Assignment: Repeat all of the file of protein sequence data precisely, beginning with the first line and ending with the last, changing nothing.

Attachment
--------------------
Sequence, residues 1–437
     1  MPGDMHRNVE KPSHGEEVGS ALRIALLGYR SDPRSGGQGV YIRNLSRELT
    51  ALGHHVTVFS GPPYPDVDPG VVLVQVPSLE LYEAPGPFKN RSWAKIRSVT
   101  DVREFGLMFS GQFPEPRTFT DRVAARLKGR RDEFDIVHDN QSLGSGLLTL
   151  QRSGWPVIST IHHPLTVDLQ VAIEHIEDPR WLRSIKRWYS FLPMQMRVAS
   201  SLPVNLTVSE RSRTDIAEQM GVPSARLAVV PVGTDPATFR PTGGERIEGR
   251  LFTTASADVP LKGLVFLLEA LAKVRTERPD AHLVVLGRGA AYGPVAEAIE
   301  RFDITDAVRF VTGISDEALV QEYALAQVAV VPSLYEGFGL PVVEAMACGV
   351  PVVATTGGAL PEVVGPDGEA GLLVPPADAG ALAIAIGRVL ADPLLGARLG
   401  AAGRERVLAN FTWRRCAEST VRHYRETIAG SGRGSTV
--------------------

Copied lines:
Sequence, residues 1–437
     1  MPGDMHRNVE KPSHGEEVGS ALRIALLGYR SDPRSGGQGV YIRNLSRELT
    51  ALGHHVTVFS GPPYPDVDPG VVLVQVPSLE LYEAPGPFKN RSWAKIRSVT
   101  DVREFGLMFS GQFPEPRTFT DRVAARLKGR RDEFDIVHDN QSLGSGLLTL
   151  QRSGWPVIST IHHPLTVDLQ VAIEHIEDPR WLRSIKRWYS FLPMQMRVAS
   201  SLPVNLTVSE RSRTDIAEQM GVPSARLAVV PVGTDPATFR PTGGERIEGR
   251  LFTTASADVP LKGLVFLLEA LAKVRTERPD AHLVVLGRGA AYGPVAEAIE
   301  RFDITDAVRF VTGISDEALV QEYALAQVAV VPSLYEGFGL PVVEAMACGV
   351  PVVATTGGAL PEVVGPDGEA GLLVPPADAG ALAIAIGRVL ADPLLGARLG
   401  AAGRERVLAN FTWRRCAEST VRHYRETIAG SGRGSTV